Painting sheep in their sunlit Winter garb is a joyful challenge too - there are SO many subtle warm and cool colours in their woolly coats. I also liked the touch of warm orange in the last leaves in the scrubbery on the right amidst a sea of predominantly cool blues.

Thursday, 20 August 2015

Axmouth Harbour

Oil on Board, 14 x 20 inches

This was yet another demo painting I did for Sundon Park Art Group in Bedfordshire last week, duly tidied up and finished back in the studio. It will be another one for my Devon Solo Exhibition in November.

What really tickled my fancy was the brilliant, pure sunlight bouncing off the water, with the stark silhouette of the building and harbour walls. To achieve the illusion of pure sunlight, with Titanium White being the lightest, brightest pigment in the artist's arsenal, I had to play close attention to the tones of the bright, sunlit clouds, none of which were as bright as the light on the water. If you squint at the painting (which is what you should do when you're out painting to see the tones), you can see that the sky is creamier and peachier in colour, and a touch darker than the reflected sunlight on the water. 

I always say in my demos that the water is the easiest part of the painting - not so in this case, with the surface very much wind-ruffled. Much layering and close-tones were added with a brush, with some dragging of pigment across with a palette knife. The sunlit highlights were also placed in mostly with the knife, using the drying, sticky underpaint to grab the Titanium White. The masts of the boats were placed in carefully using the edge of an old credit card. I also enjoyed placing in the red buoy in the foreground, with the sunlight piercing through it, making it appear translucent - lush!

Friday, 14 August 2015

Autumn Sunlight, Brancaster Staithe

Oil on Board, 10 x 17 inches

Brancaster Staithe is a brilliant place for artists - lots of old sheds, boats, fishing paraphernalia, mud, marsh, posts, rocks - all wonderful to paint. With bright early morning light flooding the scene, there was plenty of contrast with light and shade abounding throughout, yummy! I love painting wet mud, using a palette knife to drag darker spots over the sticky paint underneath - very tactile. For a change, I employed an old credit card to spot in the masts of the distant boats - very tricky with a rigger, or any brush for that matter, but using the card with ust the right amount and mix of paint, I found I could place them in with minimum fuss.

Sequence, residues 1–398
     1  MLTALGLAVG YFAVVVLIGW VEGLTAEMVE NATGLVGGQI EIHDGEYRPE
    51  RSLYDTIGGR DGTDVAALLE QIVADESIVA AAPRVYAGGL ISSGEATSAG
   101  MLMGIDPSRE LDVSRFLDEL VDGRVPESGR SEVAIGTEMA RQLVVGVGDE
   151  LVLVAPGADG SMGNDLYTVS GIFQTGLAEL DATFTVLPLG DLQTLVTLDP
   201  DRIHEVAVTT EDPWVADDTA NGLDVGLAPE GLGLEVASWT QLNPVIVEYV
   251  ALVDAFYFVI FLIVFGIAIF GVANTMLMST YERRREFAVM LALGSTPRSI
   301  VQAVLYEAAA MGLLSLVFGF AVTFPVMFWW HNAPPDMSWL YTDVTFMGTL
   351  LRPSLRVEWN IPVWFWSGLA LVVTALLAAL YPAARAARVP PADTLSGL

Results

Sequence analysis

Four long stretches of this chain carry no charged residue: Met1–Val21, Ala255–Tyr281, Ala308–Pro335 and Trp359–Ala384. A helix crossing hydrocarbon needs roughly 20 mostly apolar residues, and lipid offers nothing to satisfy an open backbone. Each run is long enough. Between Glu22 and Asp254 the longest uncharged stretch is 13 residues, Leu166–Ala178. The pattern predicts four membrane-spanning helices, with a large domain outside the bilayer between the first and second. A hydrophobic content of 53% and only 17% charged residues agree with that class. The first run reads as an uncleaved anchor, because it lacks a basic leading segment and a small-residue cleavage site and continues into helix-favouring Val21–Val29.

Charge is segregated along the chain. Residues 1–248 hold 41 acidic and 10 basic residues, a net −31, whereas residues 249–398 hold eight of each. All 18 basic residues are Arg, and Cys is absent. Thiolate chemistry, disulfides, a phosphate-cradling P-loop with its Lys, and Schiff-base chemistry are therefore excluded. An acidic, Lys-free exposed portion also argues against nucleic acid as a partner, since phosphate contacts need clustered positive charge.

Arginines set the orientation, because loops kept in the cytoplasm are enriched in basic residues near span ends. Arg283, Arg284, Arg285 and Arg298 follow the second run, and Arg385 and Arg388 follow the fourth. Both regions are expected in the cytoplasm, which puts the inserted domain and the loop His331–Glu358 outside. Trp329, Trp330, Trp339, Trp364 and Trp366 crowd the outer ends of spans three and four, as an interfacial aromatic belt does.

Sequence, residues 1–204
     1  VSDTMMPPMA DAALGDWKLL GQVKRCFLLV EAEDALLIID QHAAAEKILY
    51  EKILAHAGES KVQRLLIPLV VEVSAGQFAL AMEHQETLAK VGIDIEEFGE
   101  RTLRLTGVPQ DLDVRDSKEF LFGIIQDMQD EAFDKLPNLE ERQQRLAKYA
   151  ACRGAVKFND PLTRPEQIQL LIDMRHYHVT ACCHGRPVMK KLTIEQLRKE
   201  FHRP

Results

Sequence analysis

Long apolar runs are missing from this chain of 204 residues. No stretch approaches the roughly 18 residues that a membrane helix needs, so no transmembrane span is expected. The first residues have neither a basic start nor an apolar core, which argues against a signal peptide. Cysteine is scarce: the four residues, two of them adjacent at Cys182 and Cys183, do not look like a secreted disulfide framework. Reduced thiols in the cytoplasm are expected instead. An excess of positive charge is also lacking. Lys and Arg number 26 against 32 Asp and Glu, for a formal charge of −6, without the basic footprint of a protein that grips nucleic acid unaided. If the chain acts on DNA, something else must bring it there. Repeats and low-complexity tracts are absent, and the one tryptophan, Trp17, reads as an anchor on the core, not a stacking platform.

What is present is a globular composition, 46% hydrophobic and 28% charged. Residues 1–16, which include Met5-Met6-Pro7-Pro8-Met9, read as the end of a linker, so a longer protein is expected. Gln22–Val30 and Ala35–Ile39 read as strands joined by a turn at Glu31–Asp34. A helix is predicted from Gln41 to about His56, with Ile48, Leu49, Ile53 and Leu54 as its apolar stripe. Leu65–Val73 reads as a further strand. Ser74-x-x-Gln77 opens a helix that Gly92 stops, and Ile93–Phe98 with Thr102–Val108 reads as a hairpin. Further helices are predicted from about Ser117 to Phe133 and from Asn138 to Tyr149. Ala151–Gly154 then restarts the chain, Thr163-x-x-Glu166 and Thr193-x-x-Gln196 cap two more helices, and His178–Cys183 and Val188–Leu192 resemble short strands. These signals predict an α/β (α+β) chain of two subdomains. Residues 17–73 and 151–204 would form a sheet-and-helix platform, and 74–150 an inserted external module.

This is my third and final painting submitted for the RSMA Annual Exhibition at the Mall Galleries. I was a little dismayed to get a call from my usual courier on Wednesday night when I was giving a demo in Bedfordshire, to check that it was okay to pick up my three paintings to take to London in the morning at 7.30am... Thinking he would be collecting them on Saturday morning, none was framed and I knew I wouldn't be home until 11.30pm at the earliest, gulp.  So, working until 2.45am to get the frames painted and waxed, varnishing and fitting the two paintings I had finished into them and taped up, labelled and the relevant paperwork done, I managed four hours sleep that night! 

Disappointed that I couldn't submit the third painting allowed as an associate member of the RSMA because it wasn't finished, I was thrown a lifeline - on speaking to my colleague John Lines about having some new work from him for the gallery, he said he was going down on Saturday to take his and some other work down to the Mall. So, I managed to get this one done, and paint the frame and whizz it over to Rugby to give to John to take for me, phew!

I spent half an hour with John, one of my very favourite painters, 'talking shop', and collected a new painting of his for the gallery. He is a genuinely lovely, warm man, and a brilliant artist and someone I would rank as one of the very finest landscape painters living today. And it was refreshing to see that his studio was as messy as mine, too!  Have a look at the painting I collected from him at and after 10.15 today, Saturday on the gallery website at

Monday, 10 August 2015

Ready for the Day's Fishing

Oil on Board, 14 x 20 inches

Beer again this one - another for my exhibition in November. The fishermen gather at dawn and clamber onto the old boats skippered by the regular chaps, and go off before all the tourists come to the beach and collar the deck chairs.